Opening Remarks by Angel Gurría
24 March 2015
(As prepared for delivery)
Honourable Ambassadors, Ladies and Gentlemen,
It is a pleasure to welcome you this evening during a seminal week for the OECD’s relationship with Indonesia and the wider Southeast Asia region. I would like to thank the New Zealand Ambassador, Mr. Trevor Matheson, for hosting this event and bringing together so many ‘Friends of the OECD’.
The OECD’s relationship with Indonesia has blossomed in recent years, reflecting both the country’s economic dynamism and its growing role on the world stage, as well as our own efforts to build a more inclusive Organisation. Back in 2007, we launched the first phase of this relationship (Enhanced Engagement), which we formalised when Indonesia became an OECD Key Partner in 2012, together with Brazil, China, India and South Africa.
That same year, Indonesia and the OECD signed a Framework of Co-operation Agreement – the first such agreement for a Key Partner. This has enabled us to put our relationship on a more strategic level and provides a platform to prioritise areas of bilateral co-operation.
We are currently working with the new government to develop a joint work plan for the coming biennium that supports President Widodo’s Medium-Term Development Plan for 2015-19.
Tomorrow, I will launch two important studies that support this new Development Plan. Alongside the Minister of Finance, Bambang Brodjonegoro, and Minister of Education and Culture, Anies Baswedan, I will present the 2015 Economic Survey of Indonesia and Education in Indonesia – Rising to the Challenge. This year’s Economic Survey focusses on policies to promote inclusive and sustainable growth, while the education policy review examines areas identified as priorities by the new government: teacher training, student assessment, senior secondary education, and vocational education.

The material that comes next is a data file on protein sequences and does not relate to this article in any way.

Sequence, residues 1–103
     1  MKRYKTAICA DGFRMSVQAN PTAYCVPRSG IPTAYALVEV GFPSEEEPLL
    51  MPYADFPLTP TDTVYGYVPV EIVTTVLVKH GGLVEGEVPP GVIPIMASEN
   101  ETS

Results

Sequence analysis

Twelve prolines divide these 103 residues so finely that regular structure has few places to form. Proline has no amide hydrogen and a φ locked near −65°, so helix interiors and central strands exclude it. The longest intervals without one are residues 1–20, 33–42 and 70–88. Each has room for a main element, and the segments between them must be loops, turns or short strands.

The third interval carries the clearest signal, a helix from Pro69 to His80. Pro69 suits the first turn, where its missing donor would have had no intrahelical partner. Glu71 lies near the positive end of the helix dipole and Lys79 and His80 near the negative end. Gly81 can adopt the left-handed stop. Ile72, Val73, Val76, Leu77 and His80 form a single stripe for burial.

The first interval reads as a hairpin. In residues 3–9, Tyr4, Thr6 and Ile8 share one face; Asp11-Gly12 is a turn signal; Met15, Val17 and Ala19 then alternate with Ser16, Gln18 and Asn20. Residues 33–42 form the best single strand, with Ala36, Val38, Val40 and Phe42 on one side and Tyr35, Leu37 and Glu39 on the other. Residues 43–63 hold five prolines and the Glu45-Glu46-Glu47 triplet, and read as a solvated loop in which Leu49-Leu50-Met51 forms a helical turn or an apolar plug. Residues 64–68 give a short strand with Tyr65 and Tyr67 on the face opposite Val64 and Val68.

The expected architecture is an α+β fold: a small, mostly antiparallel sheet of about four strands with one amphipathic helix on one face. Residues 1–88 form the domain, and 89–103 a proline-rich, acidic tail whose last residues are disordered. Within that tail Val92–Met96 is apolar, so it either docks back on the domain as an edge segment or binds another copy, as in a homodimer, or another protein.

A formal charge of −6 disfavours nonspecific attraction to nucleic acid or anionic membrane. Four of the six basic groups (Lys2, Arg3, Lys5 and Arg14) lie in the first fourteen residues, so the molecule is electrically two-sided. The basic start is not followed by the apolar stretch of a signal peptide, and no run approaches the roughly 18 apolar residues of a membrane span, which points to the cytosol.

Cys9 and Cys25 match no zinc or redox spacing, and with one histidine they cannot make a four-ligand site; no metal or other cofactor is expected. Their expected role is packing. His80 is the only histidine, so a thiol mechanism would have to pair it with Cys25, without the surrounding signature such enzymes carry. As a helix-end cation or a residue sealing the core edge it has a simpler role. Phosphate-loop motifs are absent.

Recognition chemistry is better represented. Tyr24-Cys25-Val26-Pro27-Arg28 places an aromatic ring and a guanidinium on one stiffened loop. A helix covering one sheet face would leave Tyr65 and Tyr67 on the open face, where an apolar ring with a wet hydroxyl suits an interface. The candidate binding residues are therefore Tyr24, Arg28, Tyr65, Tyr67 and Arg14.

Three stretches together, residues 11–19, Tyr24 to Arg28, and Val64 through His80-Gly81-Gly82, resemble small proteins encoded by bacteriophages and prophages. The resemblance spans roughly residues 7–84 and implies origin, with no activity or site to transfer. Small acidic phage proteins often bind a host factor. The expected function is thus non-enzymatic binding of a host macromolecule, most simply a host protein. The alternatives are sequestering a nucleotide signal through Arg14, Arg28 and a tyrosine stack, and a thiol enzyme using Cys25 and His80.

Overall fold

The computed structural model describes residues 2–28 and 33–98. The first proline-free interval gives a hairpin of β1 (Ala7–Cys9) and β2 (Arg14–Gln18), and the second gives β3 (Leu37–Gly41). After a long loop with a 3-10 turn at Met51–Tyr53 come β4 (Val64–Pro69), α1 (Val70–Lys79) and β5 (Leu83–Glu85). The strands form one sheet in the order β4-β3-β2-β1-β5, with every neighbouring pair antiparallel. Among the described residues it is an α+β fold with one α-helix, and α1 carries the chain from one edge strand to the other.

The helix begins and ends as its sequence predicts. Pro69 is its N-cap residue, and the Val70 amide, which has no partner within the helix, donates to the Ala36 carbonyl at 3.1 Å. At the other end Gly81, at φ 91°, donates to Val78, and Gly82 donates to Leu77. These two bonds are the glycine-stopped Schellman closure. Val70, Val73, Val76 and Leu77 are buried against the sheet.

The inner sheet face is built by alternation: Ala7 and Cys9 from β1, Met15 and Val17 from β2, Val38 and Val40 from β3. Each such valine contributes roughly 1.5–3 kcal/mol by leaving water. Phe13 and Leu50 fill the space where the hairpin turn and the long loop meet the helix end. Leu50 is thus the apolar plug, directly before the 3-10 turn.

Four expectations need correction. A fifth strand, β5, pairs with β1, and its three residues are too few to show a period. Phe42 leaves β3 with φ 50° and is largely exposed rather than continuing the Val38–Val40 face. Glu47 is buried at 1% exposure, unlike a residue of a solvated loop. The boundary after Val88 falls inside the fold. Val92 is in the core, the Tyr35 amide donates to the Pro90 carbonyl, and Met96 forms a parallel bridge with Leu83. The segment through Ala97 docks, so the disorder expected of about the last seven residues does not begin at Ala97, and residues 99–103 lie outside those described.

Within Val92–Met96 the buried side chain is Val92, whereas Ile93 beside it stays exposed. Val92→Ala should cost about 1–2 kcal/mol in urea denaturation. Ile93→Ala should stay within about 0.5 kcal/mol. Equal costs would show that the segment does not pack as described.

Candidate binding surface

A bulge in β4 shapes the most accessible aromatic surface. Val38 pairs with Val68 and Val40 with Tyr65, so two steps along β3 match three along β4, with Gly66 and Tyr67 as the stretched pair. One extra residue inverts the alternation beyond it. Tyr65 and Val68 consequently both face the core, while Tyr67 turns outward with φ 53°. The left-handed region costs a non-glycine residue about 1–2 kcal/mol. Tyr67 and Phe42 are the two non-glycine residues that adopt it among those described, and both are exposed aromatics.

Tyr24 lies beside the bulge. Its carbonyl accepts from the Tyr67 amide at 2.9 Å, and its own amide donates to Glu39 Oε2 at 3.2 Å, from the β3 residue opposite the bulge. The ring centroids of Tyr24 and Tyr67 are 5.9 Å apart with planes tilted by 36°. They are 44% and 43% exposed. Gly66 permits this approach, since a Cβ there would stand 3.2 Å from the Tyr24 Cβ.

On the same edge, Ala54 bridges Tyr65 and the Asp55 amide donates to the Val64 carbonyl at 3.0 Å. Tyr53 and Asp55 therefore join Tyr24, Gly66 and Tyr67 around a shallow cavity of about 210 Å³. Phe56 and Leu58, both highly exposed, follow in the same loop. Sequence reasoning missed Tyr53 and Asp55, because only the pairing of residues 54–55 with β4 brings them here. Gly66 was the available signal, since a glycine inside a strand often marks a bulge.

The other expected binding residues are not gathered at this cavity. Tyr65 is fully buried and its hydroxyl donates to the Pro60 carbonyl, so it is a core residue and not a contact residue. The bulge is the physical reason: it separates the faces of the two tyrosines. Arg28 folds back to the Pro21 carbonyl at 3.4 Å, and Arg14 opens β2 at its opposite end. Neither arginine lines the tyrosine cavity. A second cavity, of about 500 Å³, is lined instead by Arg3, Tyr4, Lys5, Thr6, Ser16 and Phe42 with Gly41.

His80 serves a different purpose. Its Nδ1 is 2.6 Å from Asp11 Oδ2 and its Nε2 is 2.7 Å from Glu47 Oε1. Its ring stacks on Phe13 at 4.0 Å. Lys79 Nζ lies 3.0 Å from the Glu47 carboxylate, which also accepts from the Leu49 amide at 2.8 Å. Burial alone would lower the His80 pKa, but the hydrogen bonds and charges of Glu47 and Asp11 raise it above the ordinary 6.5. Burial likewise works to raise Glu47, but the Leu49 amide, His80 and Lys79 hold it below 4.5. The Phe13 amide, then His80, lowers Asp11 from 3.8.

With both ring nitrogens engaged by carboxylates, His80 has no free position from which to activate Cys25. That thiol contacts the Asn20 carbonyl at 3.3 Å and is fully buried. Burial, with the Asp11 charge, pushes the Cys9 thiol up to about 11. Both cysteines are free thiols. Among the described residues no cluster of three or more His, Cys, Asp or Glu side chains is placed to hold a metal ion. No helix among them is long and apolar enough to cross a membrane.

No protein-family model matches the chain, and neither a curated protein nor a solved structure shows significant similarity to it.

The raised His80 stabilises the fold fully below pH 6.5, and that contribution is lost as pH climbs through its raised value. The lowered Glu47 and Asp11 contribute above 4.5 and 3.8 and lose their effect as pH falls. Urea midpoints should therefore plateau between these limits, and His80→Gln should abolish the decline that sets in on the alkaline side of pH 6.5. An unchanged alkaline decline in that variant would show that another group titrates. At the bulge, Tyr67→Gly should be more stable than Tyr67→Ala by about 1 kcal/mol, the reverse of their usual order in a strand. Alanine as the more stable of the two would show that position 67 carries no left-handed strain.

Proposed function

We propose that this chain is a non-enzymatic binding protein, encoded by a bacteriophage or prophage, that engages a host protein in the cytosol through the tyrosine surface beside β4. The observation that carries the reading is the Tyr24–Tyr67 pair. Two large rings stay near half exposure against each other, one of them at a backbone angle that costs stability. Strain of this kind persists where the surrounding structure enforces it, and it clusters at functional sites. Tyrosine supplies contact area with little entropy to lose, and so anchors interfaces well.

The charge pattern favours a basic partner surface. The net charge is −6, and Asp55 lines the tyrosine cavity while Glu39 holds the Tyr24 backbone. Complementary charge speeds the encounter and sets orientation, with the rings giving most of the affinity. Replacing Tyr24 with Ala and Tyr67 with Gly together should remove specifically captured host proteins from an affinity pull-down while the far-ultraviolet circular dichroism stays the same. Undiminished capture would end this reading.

Tomorrow will also see the formal opening of the OECD’s new office in Jakarta, for which I would like to thank not only the Indonesian authorities, but also Ambassador Trevor Matheson in light of New Zealand’s kind offer to host the office in their Embassy. As the first office the Organisation has opened in a Key Partner country, this marks an important milestone. It will help us bring our bilateral cooperation with Indonesia to a whole new level while providing a firm footprint and launchpad to envigorate our work across the whole Southeast Asian region.
This region is one of the most dynamic in the world, with GDP growth projected to average 5.6% per year during the 2015-19 period. The governments of many OECD countries would be content with only half of that growth rate!
As Secretary General of the OECD, I have made deeper engagement with the region a strategic priority. At our annual Ministerial Council Meeting in may 2014, Japanese Prime Minister Shinzō Abe and I launched the Southeast Asia Regional Programme together with Ministers and high level representatives from across the region. Building on two decades of engagement with the region, this Programme aims to support government’s domestic reform priorities while supporting regional integration.
One year ago to the day, I opened the first Regional Forum in Bali. Tomorrow morning, Minister Bambang and I will open the second Regional Forum, which will be followed by the first Steering Group Meeting later in the week. These meetings will mark the achievements of the first year of the Southeast Asia Regional Programme.
Already, with our counterparts from the region, we have set up six Regional Policy Networks and three Initiatives. We have worked closely with regional organisations such as ASEAN, APEC, the ADB and ERIA. We have enjoyed some ‘quick wins’, like the ASEAN Principles for Public-Private Partnership Frameworks, prepared jointly by the OECD and ASEAN Secretariats, and adopted at the ASEAN Leaders’ Summit in Myanmar in November 2014.
An important element of the Programme is that it brings together OECD Members and Southeast Asian countries so that we can learn from each other and tackle pressing policy challenges together. In this spirit, I would like to conclude by proposing a toast to many more years of fruitful cooperation, and to you, Ambassadors, that your countries continue to provide invaluable support to this important endeavour.